5. Table 2 presents descriptive results for four measures of socioeconomic attainment for the eighteen ethnic groups, separately for the first-generation individuals above age 50 and for second-generation individuals aged 25 to 50. The results from Table 2 show clear evidence of mobility between the first and second generation for every ethnic group. Among the four white ethnic groups, Italians report the lowest starting point, with 34.9 percent of the first generation having no high school degree--similar to levels among first-generation Haitians and Vietnamese. And yet, by the second generation, the high school dropout rates among these three groups hover around 2 to 3 percent, a marked improvement. By the second generation, whites, BLACKs, and Asians report high school dropout rates of less than 3 percent (with the exception of second-generation Canadians at 7.4 percent). Among Hispanics, many ethnic groups also report very low starting points in terms of education. In the first generation, 66.9 percent of Mexicans have no high school education, compared to 58.6 percent of Salvadorans and 50.4 percent of Guatemalans. In the second generation, these rates are dramatically reduced: 16.9 percent of Mexicans, 11.9 percent of Salvadorans, and 17.8 percent of Guatemalans. To be sure, the high school dropout rates are still highest among Hispanics, but the progress is remarkable, considering the lower starting points among the first-generation parents.

6. On college completion, second-generation Asians report the most exceptional outcomes, with about 56 to 80 percent of the sample having a college degree. In the third-plus generation, this rate is 38.3 percent of whites, 21.4 percent of BLACKs, and 57 percent of Asians. Second-generation whites and BLACKs report high levels of college completion, surpassing their respective proximal host groups. Among BLACKs, there is a clear dichotomy, with second-generation Haitians reporting significantly better college completion rates than Jamaicans. Among Hispanics, Colombians and Cubans report the highest rates of college graduates, whereas the results among the other Hispanic groups are more mixed. To be sure, many Hispanics have yet to close the gaps with whites, but they have fared significantly better than the first generation from the same ethnic background.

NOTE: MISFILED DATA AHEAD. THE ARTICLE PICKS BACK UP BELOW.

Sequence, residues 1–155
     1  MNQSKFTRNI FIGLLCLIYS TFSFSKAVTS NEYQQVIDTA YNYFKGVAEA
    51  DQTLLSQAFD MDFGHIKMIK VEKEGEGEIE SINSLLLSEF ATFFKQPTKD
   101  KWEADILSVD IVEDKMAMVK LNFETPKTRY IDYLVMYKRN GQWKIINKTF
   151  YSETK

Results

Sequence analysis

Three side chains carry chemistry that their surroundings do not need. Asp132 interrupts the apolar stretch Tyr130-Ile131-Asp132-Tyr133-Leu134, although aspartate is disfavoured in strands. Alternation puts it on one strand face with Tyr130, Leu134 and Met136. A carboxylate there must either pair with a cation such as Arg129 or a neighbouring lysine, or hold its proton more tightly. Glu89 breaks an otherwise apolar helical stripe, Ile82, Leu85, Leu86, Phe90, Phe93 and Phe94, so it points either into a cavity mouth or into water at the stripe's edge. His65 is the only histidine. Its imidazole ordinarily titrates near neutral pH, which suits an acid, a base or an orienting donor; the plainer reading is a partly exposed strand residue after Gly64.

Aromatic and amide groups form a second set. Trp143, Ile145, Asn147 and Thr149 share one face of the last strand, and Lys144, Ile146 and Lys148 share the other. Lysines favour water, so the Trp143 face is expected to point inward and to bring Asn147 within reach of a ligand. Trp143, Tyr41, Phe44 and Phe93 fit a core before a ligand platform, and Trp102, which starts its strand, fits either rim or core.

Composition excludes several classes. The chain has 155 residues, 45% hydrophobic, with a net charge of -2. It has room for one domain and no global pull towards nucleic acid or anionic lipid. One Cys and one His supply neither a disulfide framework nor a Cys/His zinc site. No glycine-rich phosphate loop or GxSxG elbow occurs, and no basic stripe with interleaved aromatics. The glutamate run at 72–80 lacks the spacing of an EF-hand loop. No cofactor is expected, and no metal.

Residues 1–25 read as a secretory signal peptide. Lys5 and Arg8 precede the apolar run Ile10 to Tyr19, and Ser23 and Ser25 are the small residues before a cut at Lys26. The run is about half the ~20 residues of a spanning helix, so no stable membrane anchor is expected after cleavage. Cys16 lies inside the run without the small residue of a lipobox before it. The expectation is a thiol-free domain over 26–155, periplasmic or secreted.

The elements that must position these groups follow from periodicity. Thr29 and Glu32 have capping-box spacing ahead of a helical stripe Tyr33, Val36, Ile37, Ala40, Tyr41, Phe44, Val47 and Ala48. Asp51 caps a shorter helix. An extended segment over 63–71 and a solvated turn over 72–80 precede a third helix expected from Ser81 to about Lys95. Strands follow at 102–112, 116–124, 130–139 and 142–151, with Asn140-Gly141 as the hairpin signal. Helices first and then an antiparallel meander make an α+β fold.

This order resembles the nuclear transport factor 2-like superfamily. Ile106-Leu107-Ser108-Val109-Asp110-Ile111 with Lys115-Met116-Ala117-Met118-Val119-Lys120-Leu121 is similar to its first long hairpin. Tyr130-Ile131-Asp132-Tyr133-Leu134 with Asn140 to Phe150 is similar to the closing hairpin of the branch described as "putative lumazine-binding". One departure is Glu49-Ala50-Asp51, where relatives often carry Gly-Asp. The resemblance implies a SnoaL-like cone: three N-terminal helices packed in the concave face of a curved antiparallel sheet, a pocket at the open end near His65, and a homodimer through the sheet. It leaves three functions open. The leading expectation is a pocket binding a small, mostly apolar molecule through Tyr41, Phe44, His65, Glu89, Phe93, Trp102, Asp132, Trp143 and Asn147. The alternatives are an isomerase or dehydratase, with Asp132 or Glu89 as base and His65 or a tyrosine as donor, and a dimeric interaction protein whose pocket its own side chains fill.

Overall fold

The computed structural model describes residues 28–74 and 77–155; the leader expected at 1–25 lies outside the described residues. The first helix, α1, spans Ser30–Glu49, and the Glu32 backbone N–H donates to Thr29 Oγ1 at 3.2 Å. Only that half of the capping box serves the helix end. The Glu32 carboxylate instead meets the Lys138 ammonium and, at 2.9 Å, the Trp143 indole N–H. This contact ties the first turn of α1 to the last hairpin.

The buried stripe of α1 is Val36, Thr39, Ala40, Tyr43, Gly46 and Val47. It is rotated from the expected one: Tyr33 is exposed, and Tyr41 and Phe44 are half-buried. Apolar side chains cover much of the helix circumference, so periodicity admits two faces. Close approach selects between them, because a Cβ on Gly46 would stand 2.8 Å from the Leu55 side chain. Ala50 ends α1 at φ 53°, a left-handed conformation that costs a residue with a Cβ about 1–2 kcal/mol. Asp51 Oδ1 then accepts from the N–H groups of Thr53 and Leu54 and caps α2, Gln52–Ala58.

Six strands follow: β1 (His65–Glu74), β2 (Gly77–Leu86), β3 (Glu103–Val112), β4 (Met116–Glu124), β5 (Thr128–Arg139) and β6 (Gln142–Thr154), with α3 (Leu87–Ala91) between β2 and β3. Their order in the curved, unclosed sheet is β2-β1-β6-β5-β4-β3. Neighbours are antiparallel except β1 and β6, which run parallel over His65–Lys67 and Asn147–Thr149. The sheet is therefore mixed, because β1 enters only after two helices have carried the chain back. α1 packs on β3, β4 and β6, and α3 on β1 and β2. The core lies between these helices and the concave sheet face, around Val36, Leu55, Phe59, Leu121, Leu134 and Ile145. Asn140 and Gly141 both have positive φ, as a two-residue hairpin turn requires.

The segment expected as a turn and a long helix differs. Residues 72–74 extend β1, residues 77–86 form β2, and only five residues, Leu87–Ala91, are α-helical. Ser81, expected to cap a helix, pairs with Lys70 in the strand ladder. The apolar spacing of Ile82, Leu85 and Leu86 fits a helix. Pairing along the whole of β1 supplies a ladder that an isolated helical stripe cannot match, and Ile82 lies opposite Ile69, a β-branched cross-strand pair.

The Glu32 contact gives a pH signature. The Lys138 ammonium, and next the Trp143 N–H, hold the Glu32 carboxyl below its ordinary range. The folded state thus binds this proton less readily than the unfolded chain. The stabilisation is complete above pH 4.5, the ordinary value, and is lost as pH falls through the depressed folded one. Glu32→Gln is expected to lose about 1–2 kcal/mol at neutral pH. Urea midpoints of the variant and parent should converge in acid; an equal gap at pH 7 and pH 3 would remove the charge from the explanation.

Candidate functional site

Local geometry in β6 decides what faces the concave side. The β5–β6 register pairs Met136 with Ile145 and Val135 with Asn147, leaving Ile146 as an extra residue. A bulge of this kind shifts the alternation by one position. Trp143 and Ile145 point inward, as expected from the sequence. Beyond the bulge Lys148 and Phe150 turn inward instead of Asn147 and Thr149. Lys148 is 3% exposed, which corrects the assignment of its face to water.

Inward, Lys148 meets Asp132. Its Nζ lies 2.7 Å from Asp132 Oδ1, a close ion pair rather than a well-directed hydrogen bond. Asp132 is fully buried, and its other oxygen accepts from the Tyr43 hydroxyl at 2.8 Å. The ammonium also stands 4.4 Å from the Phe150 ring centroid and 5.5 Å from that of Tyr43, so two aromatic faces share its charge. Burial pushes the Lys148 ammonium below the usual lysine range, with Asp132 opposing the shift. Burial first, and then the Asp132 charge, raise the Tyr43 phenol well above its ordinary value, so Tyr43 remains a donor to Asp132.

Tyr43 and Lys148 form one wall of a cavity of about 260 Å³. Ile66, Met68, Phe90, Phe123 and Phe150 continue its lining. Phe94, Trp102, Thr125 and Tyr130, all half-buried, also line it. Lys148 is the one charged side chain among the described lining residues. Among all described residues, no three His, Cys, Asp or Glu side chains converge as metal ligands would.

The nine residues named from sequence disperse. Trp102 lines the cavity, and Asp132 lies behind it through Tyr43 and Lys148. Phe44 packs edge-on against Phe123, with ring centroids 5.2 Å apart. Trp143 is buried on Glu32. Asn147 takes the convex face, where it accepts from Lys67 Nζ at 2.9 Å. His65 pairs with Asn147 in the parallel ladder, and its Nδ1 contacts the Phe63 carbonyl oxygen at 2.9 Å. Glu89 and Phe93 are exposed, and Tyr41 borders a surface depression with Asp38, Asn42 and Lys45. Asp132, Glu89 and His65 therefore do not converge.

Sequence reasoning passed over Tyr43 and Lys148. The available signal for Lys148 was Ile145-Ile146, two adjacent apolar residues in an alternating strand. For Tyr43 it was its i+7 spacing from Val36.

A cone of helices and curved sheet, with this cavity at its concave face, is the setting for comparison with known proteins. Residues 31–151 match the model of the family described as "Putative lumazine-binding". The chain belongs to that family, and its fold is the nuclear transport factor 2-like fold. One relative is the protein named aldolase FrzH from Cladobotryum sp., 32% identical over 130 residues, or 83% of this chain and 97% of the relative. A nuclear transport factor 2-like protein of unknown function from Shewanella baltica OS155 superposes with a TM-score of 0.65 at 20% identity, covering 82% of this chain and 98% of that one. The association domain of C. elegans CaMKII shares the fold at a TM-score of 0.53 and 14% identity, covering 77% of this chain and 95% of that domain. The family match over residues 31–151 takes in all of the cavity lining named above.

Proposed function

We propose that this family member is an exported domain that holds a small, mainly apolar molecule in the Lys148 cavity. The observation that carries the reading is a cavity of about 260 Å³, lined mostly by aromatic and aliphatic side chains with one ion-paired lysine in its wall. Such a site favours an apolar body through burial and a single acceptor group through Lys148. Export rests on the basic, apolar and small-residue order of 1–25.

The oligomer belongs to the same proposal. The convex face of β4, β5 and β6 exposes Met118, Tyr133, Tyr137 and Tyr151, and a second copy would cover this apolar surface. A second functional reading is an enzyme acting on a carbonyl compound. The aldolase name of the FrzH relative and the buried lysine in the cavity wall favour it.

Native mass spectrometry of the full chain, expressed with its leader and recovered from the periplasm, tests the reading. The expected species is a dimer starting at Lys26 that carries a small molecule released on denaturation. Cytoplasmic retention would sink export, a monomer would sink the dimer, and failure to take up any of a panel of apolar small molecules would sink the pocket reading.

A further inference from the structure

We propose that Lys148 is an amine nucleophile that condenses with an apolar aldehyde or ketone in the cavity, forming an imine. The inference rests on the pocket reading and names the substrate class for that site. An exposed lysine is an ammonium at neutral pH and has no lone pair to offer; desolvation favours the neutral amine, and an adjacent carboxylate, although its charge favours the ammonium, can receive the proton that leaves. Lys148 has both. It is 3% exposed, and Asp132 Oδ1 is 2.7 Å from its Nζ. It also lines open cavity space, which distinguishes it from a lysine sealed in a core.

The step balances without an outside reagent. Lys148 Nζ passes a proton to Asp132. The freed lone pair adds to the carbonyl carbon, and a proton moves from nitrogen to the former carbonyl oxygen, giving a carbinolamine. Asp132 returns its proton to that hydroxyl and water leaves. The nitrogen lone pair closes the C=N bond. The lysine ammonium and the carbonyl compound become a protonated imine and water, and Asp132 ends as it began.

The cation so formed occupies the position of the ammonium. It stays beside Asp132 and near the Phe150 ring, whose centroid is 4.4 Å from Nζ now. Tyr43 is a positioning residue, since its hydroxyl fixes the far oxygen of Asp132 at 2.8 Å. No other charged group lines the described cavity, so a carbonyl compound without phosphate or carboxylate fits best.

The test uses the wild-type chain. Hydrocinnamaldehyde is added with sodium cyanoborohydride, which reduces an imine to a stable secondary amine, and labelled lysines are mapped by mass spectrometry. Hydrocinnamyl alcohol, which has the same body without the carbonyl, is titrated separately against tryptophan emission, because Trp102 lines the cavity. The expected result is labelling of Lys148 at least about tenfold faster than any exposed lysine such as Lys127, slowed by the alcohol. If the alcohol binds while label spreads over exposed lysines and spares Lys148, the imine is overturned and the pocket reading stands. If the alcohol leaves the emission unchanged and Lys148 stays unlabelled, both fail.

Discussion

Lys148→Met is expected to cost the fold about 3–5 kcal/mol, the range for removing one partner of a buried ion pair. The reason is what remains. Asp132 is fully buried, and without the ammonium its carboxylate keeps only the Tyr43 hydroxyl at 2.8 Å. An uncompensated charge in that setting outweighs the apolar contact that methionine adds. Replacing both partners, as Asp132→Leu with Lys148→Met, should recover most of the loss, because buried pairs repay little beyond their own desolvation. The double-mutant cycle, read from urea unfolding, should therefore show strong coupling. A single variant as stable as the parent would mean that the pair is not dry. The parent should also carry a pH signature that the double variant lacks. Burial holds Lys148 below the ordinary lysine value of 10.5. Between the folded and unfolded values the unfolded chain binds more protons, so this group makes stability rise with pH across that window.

7. Although there is a clear improvement from first to second generation, inter-generational differences are more modest for service occupations. The results for professional occupations, however, are revealing. With the exception of Mexicans, Puerto Ricans, and Vietnamese, every second-generation ethnic group has not only fared better than its first-generation proxy parents, but also better than its proximal host group. Among second-generation whites, these rates are between 40 and 49 percent, compared to only 36.9 percent for third-plus-generation whites. Among second-generation BLACKs, these rates are 45.6 percent for Haitians and 30.5 percent for Jamaicans, compared to 22.7 percent for third-plus-generation BLACKs. Second-generation Asians report some of the highest rates, with 62.3 percent among Chinese, 63.2 percent among Indians and 51.4 percent among Koreans holding a managerial and professional occupation. In contrast, these rates are lowest among Hispanics--especially Mexicans and Puerto Ricans--with only 20 percent reporting a professional occupation.

8. The multivariate analyses in Table 3 focus attention on second-generation attainment in comparison with third-plus-generation individuals, controlling for age, gender, region, and survey year. In comparison to native whites (i.e., the reference group), models 1 and 2 show that most second-generation whites and Asians are significantly less likely to have no high school degree and significantly more likely to have a college education. The largest differences are found among Chinese and Indians, who are six times more likely than whites to have a college degree. What is more remarkable is that there are no differences between second-generation BLACKs (i.e., Haitians and Jamaicans) and native whites, suggesting that the former have achieved parity with the latter. Among Hispanics, Colombians and Cubans fare better than native whites, whereas the other ethnic groups fare worse. On occupational attainment, models 3 and 4 show that the second generation has achieved parity with native whites, with few exceptions. For service occupations, Koreans and Puerto Ricans are significantly more likely than third-plus-generation whites to report working in the service sector. For professional occupations, Poles, Mexicans, and Puerto Ricans report a disadvantage compared to native whites, whereas Chinese and Indians report a clear advantage. Overall, these results show broad convergences between the second generation from diverse ethnic origins and third-plus-generation whites.